The Falacies of Family Trees

Estimated Reading Time: 5.15 minutes.

Recently, I attempt to create a family tree for a mythological family. I did expect to hit some problems, because some parts of the family tree aren't possible in the real world.

To demonstrate it trivially, this is the basic tree I wanted to render:

First up: Dawn's birth is recursive. It's impossible so expecting to model that was out.

However, I soon discovered that the industry is worse than not being able to model the impossible, and can't even model the historical.

Almost all genealogy software uses a standard called GEDCOM.

For inexplicable reasons, GEDCOM cannot model these things that were (unfortunately, in the first couple cases) common in human history:

Beyond that, the GEDCOM format is so damn ugly and badly thought out that extending it to cover the real world isn't really possible.

Just take a look at modelling a same-sex spousal relationship (header data excluded):

0 @I1@ INDI
1 NAME John /Smith/
2 SURN Smith
2 GIVN John
2 DATE 1 Sep 1991
2 PLAC Philadelphia, Philadelphia, Pennsylvania, United States of America
1 FAMS @F1@
0 @I2@ INDI
1 NAME Steven /Stevens/
2 SURN Stevens
2 GIVN Steven
2 DATE 8 Aug 1988
2 PLAC Seattle, King, Washington, United States of America
1 FAMS @F1@
0 @F1@ FAM
1 HUSB @I1@
1 WIFE @I2@
2 DATE 26 Jun 2015
2 PLAC Portland, Mutnomah, Oregon, United States of America

Firstly: This format looks awful. It isn't easy for a human to parse, and it isn't actually that great for a machine to parse, either.

Secondly: It's a same sex relationship, but you must arbitrarily make one of them have a title of "husband", and the other "wife". Two husbands? Nah, that's ridiculous. What about other historical titles? Like "mistress"? Sorry, Madame de Pompadour your official relationship isn't allowed.

So, let's completely give up on an industry that has somehow decided that GEDCOM is the best you can do, and create our own format, and renderer to go with it.

The code I'll be exploring I put together as a new project called shakna/genes, and have released under a CC0 license, because the industry really should do better than it currently is.

Python has a pretty good interface into graphviz, in the graphviz package. This means that rendering trees should be pretty easy, so long as we make it so we have all the data we need in a single pass. If we need to go beyond that, things will get extremely hectic, extremely quickly.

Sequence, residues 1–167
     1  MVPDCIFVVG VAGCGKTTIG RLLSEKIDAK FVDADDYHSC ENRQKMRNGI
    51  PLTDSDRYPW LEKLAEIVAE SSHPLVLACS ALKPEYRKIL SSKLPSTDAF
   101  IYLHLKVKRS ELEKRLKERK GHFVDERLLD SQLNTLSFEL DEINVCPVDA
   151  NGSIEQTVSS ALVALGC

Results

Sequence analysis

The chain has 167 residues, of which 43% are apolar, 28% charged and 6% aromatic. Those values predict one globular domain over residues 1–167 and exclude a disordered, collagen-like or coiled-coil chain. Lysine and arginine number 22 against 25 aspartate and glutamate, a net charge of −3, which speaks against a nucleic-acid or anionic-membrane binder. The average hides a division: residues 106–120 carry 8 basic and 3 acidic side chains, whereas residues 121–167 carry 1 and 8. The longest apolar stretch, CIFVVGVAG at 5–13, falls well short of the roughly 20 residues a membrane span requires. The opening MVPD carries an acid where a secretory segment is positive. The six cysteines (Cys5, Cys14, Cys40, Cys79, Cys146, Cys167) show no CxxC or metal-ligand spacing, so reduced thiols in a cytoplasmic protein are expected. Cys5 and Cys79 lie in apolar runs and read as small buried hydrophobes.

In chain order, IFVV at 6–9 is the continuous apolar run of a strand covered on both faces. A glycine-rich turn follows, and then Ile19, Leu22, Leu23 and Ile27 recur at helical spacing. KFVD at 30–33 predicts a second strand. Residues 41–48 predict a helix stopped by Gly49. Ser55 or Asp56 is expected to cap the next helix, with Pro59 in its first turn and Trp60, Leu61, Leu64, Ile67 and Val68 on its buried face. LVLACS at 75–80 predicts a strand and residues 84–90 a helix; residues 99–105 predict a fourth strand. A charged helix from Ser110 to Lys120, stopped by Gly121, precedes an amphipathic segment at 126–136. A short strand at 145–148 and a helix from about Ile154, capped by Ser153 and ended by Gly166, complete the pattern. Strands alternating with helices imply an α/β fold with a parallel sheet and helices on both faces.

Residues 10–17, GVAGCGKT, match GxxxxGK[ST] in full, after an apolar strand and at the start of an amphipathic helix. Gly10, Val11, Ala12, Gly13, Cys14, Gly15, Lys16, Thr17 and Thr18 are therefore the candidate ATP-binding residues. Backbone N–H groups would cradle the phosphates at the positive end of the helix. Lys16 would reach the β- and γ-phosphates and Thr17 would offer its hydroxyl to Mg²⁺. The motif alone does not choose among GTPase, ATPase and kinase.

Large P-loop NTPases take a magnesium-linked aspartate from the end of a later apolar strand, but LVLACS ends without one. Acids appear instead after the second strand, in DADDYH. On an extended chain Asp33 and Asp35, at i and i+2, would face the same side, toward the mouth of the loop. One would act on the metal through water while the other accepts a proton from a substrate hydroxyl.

Sidenote: The DOT language that graphviz uses under the covers is an example of a decent standard for operating on tree data. It's way more than we need for this project, but GEDCOM could learn a few things about modelling relationships from them.

For the most part, to model our data, we need a series of statements from the user of either of these forms:

{"Name A": "Dyeus", "Metadata": {"Gender": "Male"}}
{"Name A": "Dawn", "Name B": "Dyeus", "Relation": "Spouse"}

That way we can:

You do face the problem of people with the same names, but I hacked around that by letting you add a colon and arbitrary text as a specific identifier:

{"Name A": "Dawn:10", "Name B": "Dyeus", "Relation": "Spouse"}

However, this kind of JSON-ish data isn't fun to work with, and isn't that well suited to tabular data like CSV or anything like that. But the relational tree I built with it did look a lot like the kinds of trees I was used to getting when dumping with Datalog, so I used Prolog as an inspiration, and came up with this format:

# This is a comment!
"Dawn" is the Spouse of "Dyeus"
"Dawn" is the Parent of "Dawn"
"Dawn" is the Parent of "Dyeus"
"Dawn" is the Parent of "Mres"
"Dawn" has a Gender of "Female"

"Dyeus" is the Parent of "Mres"
"Dyeus" is the Parent of "Alcides"
"Dyeus" has a Gender of "Male"

"Mres" has a Gender of "Male"

"Dionne" is the Parent of "Alcides"
"Dionne" has a Gender of "Female"
"Alcides" has a Gender of "Male"

"Unknown:1" is the Child of "Dawn"
"Unknown:1" is the Child of "Alcides"
"Unknown:1" is the Spouse of "Mres"
"Unknown:1" has a Gender of "Male"

"Artimus" is the Child of "Unknown:1"
"Artimus" is the Child of "Mres"
"Artimus" has a Gender of "Female"

"Artimus" is the Parent of "Aides"
"Aides" has a Gender of "Male"

This has the benefit of modelling everything that was in our original tree, whilst remaining entirely flexible. It's easy to read, meaning it is also easy to edit.

Basically lines beginning with # are comments, so easy to ignore.

Then the line is of either of these forms:

This is extensible, human-readable, and flexible. You're not rail-roaded into any preconceived notion by the format. The renderer might end up with certain assumptions, but it easier to extend a renderer, than it is to extend a format.

In our case, the render looks like:

Mythological Tree

The entire thing, including the parser (and error checking) for the format, and the data munger to put everything into a single-pass structure so we can render easily with graphviz, is a piddling 262 lines of code.

It isn't the prettiest code in the world, but it should be easy to extend as I discover more assumptions that would be plain impossible to model in GEDCOM.

Whilst I haven't built a GUI for this, looking at a GUI, versus the simple statements in our format, it is clear to me which I would rather use when spelling out the massive number of complicated relationships that can arise in a genealogy.


Submit comment...

Subscribe to this comment thread.